United Nations Secretary-General Antonio Guterres has appointed Nolin Hezar as the new special envoy to Myanmar, and observers were optimistic on Wednesday that the Southeast Asian native’s new outlook could lead to a breakthrough in the nine-month political crisis the country is going through.
Hezar, a former UN Deputy Secretary General and Singaporean, learned about Myanmar while chairing the UN Regional Commission for Southeast Asia in the early 2000s. United Nations Secretary-General’s Special for Peacebuilding and Sustainable Development in Timor, 73, had visited Myanmar several times before 2010 to help those affected by Cyclone Nargis.
She will replace outgoing Swiss diplomat Christine Schraner Burgener, who had spoken with leaders, including junta leader Min Aung Hlaing, on the sidelines of an emergency summit convened in Jakarta by the Association of Nations of the Southeast Asia (ASEAN) in April to resolve the situation. in Myanmar amid the crackdown that followed the February 1 military coup. A five-point consensus to end the violence was agreed at that meeting, which included access by a special envoy to Myanmar to all political parties, but Schraner Burgener was ultimately barred from entering the country and will withdraw during the week.
The UN created the post of special envoy in 2018 to address the plight of Rohingya Muslims who were the target of brutal military repression in Myanmar’s Rakhine state a year earlier, causing them to flee. about 740,000 people to Bangladesh.
Moe Thuzar, an expert on Southeast Asia, said Hezar – whose appointment was announced on Monday – knows the situation in Myanmar and the region in general, and believes she can work with ASEAN to help resolve the unfolding political crisis. almost nine months since the military coup.
“The negotiations between ASEAN and the United Nations are still ongoing, and they should continue to coordinate with goodwill and in the interest of Myanmar,” he told RFA’s Myanmar service.
“This is not a path that ASEAN takes alone, nor a path paved by the United Nations alone. We will have to work in tandem with the international community.
Ye Tun, a former political analyst and lawmaker, said that the appointment of a special envoy from Singapore – an ASEAN member – underscores the UN’s special focus on helping Myanmar through the blow. Military state to a functioning democracy.
“A citizen of Singapore who is a member of ASEAN will be able to focus more on our country. She might have other ideas, ”he said.
“Our country has already been sanctioned by ASEAN and [Min Aung Hlaing] was not invited to the ASEAN summit for failing to implement its recent agreements and resolutions. I think the UN is paying more attention to our problem now.
Forbidden from the top
In an unprecedented move earlier this month, ASEAN foreign ministers excluded Min Aung Hlaing from the ASEAN virtual summit that kicked off in Bandar Seri Begawan on Tuesday, saying he had gone back on the consensus that ‘he had agreed at the emergency meeting in April.
The snub was widely seen as an embarrassment to the junta, which issued a statement Tuesday saying it was choosing not to attend because ASEAN had refused military government representation.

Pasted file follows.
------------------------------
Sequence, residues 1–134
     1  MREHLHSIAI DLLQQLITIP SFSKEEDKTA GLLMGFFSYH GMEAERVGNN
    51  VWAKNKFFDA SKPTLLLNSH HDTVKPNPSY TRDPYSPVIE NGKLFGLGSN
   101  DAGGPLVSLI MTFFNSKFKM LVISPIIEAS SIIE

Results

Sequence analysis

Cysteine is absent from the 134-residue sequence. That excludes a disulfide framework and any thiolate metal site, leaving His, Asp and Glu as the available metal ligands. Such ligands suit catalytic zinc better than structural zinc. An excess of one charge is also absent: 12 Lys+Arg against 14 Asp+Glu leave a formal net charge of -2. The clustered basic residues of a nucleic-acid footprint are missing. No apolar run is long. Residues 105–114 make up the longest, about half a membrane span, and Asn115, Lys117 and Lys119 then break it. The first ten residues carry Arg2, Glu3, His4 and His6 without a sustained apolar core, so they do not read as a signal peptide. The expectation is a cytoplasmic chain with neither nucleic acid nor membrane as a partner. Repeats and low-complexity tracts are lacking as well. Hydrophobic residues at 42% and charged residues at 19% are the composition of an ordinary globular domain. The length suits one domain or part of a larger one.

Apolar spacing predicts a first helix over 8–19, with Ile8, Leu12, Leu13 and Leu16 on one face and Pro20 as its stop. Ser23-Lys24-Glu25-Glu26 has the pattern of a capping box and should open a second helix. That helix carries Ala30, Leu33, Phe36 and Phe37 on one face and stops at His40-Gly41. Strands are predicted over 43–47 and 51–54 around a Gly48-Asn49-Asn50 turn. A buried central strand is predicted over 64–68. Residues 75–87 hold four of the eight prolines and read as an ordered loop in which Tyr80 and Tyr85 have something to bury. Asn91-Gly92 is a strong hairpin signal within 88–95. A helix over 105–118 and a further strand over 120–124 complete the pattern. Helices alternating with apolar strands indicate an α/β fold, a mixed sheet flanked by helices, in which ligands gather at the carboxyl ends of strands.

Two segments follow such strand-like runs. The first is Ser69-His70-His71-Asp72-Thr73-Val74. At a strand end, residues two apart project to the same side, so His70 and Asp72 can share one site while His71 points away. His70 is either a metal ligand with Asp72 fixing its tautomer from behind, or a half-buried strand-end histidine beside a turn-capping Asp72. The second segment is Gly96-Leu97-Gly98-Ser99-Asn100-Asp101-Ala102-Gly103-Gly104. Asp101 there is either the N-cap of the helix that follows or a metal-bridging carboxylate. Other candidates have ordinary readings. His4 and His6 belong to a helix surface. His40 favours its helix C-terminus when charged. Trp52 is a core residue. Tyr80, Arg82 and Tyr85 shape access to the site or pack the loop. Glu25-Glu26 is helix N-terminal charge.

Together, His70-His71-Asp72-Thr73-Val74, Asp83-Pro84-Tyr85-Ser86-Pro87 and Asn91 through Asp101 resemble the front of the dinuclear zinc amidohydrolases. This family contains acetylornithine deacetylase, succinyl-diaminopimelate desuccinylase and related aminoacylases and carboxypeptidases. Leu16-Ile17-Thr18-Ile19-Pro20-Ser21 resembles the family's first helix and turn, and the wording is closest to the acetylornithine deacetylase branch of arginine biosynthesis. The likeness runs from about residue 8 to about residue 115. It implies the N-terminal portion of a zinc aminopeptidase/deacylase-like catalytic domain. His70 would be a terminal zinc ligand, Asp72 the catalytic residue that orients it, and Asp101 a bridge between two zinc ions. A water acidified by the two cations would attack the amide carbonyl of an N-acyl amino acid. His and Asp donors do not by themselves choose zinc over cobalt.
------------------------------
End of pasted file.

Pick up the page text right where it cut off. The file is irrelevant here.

Bo Hla Tint, the newly appointed Special Envoy to ASEAN for Myanmar’s Shadow National Unity Government (NUG), told RFA other options for an envoy should be considered in case the military would ban Hezar from traveling to Myanmar.
“The former special envoys could do nothing when the army refused them entry into the country,” he said.
“There won’t be any significant results just by appointing a new special envoy without a plan B. If this is a preparatory movement because there are rumors that the junta could act in accordance with the ASEAN five-point agreement, we’ll have to wait and see. “
Junta spokesman Major General Zaw Min Tun told RFA that if Hezar “acts impartially and fairly,” the military will cooperate with him, in accordance with UN conventions, but “no ‘will not accept any action taken with a political motive “.
“I want to say that it would be acceptable if [she] looks at the situation from all angles and acts in a balanced way, ”he said.
“Otherwise, I would just say that it would be difficult to move forward if they act with a political goal in mind, as they have done in the past.
Indispensable military cooperation
Aung Myo Min, human rights minister of Myanmar’s shadow government of national unity, said the special envoy might be more effective in resolving the crisis because she is from an ASEAN country, but added that she will not be able to succeed in her mission without the help of the military. Cooperation.
“The change of position of ASEAN [on Myanmar], cooperation with the West and regional actions are all important and these factors would allow it to play a more active role, ”he said.
“However, no matter how efficiently it performs its job, if the military is not really willing to solve the problem, it will not be very successful.”
Almost nine months after the February 1 military coup, security forces killed 1,218 civilians and arrested at least 7,026, according to the Bangkok-based Association for the Assistance of Political Prisoners, mostly during the crackdown anti-junta demonstrations.
The junta said they toppled the National League for Democracy government because they claimed the party staged a landslide victory in Myanmar’s November 2020 elections through widespread electoral fraud. He has yet to present any evidence for his claims and public unrest is at an all time high.
Reported by the Myanmar service of RFA. Translated by Khin Maung Nyane. Written in English by Joshua Lipes.